Microsoft System Center 2012… the new IT Manager
Trying to explain Microsoft’s System Center 2012 in a single article would be like trying to explain how the brain works in a single page. The problem stems from the answer being so complex that a simple overview has a tendency to create false understanding.
The simple definition of Systems Center is that it is a bundled suite of products that manage systems through tools to monitor and automate virtualized environments. It offers solutions for managing datacenter resources, private clouds (based on Microsoft Hyper-V), and client devices. It delivers unified management across on-premises, service provider, and Windows Azure environments, thereby enabling the Microsoft Cloud OS.
On the surface, this simple definition of System Center is absolutely accurate; however, this 50,000 foot view does not explore the individual programs that allow System Center to do its job… nor does it explain what those individual programs can do. Systems Center 2012 consists of:
- System Center Operations Manager
- System Center Configuration Manager
- System Center Endpoint Protection Manager (now integrated into Configuration Manager)
- System Center Virtual Machine Manager
- System Center Data Protection Manager
- System Center Orchestrator
- System Center App Controller
- System Center Service Manager
- System Center Advisor
Previously, these programs were offered in standalone versions; however, this left the client fumbling around trying to decide which program to buy for which part of the business and how to implement it with the others. Confusing to say the very least about that approach. Now, System Center 2012 will only offers these programs as a bundle. This greatly reduces the need for the client to try and determine which of the programs are needed for their organization. Instead, you get everything and can choose what to implement from your arsenal.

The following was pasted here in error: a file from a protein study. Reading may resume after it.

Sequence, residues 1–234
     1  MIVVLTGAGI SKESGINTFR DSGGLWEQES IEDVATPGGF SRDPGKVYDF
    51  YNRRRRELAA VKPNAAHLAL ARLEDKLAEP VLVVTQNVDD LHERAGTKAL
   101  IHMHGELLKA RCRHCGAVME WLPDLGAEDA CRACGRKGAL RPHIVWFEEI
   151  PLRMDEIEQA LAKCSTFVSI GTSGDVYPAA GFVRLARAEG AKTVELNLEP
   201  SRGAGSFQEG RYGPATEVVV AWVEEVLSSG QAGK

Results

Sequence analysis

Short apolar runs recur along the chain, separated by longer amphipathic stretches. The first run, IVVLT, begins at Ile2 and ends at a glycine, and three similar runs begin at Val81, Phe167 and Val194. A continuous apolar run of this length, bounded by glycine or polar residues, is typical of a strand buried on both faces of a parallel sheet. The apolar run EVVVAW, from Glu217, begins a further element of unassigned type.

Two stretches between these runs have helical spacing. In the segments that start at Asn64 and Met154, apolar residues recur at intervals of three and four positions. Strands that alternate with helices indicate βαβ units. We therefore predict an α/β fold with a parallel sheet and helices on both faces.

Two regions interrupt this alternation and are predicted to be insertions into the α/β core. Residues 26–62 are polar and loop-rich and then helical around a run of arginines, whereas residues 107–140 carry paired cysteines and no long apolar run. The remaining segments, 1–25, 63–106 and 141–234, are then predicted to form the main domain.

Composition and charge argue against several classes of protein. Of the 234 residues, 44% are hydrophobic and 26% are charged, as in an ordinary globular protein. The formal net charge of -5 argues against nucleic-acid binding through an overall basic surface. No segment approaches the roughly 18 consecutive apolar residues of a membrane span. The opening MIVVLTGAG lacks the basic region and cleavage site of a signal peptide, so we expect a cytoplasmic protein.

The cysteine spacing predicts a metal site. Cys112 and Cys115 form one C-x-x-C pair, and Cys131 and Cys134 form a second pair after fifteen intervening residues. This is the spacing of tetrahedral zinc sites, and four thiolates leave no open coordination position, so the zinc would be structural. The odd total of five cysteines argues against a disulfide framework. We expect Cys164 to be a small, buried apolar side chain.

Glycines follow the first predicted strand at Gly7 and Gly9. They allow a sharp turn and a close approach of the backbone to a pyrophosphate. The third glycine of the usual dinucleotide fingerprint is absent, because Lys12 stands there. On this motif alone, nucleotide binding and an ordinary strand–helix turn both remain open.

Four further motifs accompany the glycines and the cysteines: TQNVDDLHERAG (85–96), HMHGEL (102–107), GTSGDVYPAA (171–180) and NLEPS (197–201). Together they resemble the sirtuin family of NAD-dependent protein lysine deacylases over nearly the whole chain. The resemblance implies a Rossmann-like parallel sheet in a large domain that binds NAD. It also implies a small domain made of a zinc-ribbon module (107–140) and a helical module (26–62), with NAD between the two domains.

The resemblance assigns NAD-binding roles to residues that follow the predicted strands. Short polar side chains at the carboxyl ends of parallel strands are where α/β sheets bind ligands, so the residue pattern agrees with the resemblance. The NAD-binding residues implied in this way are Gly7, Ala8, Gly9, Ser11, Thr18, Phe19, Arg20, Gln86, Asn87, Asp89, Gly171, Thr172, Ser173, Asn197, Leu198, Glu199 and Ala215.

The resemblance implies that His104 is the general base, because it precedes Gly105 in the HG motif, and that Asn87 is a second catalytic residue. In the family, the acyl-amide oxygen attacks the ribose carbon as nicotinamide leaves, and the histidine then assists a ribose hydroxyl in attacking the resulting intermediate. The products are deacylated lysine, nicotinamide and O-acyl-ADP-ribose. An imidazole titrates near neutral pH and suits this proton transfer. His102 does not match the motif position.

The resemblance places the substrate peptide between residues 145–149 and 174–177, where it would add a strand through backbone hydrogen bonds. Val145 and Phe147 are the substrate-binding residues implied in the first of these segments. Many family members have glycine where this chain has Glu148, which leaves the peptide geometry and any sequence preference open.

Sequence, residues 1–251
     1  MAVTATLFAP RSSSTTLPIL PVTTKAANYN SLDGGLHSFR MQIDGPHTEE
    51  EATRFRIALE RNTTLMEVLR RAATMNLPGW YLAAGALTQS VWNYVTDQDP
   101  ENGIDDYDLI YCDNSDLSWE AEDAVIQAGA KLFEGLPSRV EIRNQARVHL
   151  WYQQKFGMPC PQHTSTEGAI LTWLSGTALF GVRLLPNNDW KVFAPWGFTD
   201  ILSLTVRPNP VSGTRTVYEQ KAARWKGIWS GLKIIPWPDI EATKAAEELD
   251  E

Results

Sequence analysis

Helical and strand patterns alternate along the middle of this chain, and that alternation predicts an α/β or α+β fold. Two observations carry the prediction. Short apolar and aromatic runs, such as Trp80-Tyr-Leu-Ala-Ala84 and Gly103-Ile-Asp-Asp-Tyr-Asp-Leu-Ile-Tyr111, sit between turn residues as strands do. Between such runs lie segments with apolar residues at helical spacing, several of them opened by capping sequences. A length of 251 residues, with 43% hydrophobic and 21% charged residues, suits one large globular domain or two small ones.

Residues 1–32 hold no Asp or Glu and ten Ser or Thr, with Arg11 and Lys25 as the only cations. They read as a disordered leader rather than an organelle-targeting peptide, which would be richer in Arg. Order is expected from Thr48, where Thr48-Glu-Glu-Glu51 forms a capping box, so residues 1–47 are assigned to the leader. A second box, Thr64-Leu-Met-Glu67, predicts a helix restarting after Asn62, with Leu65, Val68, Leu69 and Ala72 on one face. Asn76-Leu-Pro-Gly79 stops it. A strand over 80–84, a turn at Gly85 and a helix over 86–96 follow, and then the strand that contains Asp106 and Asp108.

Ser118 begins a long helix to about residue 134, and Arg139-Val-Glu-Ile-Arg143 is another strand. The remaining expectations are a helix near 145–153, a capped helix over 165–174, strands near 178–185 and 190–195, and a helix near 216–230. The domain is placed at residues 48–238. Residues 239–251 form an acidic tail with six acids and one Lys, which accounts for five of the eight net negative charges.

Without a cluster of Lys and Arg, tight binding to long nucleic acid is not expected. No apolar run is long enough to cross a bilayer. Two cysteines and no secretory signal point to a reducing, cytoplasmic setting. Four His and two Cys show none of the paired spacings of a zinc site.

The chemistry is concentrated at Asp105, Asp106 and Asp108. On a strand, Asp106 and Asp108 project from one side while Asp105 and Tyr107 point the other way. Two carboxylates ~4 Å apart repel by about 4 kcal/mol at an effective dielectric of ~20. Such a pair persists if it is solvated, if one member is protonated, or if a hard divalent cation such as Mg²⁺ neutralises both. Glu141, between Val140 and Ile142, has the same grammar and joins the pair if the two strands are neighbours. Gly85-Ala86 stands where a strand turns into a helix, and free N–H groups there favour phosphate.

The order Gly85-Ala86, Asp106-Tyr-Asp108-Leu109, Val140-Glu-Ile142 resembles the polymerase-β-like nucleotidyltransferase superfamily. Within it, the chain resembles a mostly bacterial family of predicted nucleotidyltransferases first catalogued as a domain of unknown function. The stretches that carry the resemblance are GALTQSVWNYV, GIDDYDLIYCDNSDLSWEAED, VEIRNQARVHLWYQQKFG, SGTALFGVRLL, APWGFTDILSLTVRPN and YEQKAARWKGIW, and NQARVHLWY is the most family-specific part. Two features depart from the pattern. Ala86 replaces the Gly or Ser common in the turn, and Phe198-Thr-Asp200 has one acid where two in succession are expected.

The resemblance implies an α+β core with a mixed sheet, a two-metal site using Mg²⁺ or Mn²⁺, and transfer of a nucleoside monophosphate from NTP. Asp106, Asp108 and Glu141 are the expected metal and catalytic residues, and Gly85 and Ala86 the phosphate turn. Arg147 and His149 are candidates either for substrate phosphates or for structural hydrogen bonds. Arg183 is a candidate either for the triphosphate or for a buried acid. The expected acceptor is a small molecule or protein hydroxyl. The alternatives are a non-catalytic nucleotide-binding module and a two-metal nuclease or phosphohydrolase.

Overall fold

Over the next few months, we at Uncommon will be taking a deep dive into System Center 2012 to look at each program in the bundle. These programs are divided into three different silos of control: Application Management, Service Delivery and Automation, and Infrastructure Management. Next month, we will look at those programs which are responsible for Application Management:
- App Controller
- Virtual Machine Manager
- Operations Manager
Some of these programs will be critical to any organization managing their infrastructure, others will be nice widgets to have but not really mission critical. Join us next month as we look into the cloud portal, the VM manager, and the system/software monitoring packages.
If you are already thinking about System Center 2012, you can get it in two flavors - Standard, which can be deployed to a maximum of two virtual machines (VMs) and Datacenter, which allows for deployment to unlimited VMs. As of the writing of this article, the cost for Standard is $1,323 and Datacenter is $3,607. When considering which license is best for your organization, consider the growth of your company over the next 18 months. If you plan to heavily move into the virtual realm, then Datacenter is the way to go... but if you are going to keep most of your programs on physical boxes, then you will probably be served well by the Standard offering. Feel free to contact us for an evaluation of your system and recommendations that fulfill your organization’s mission.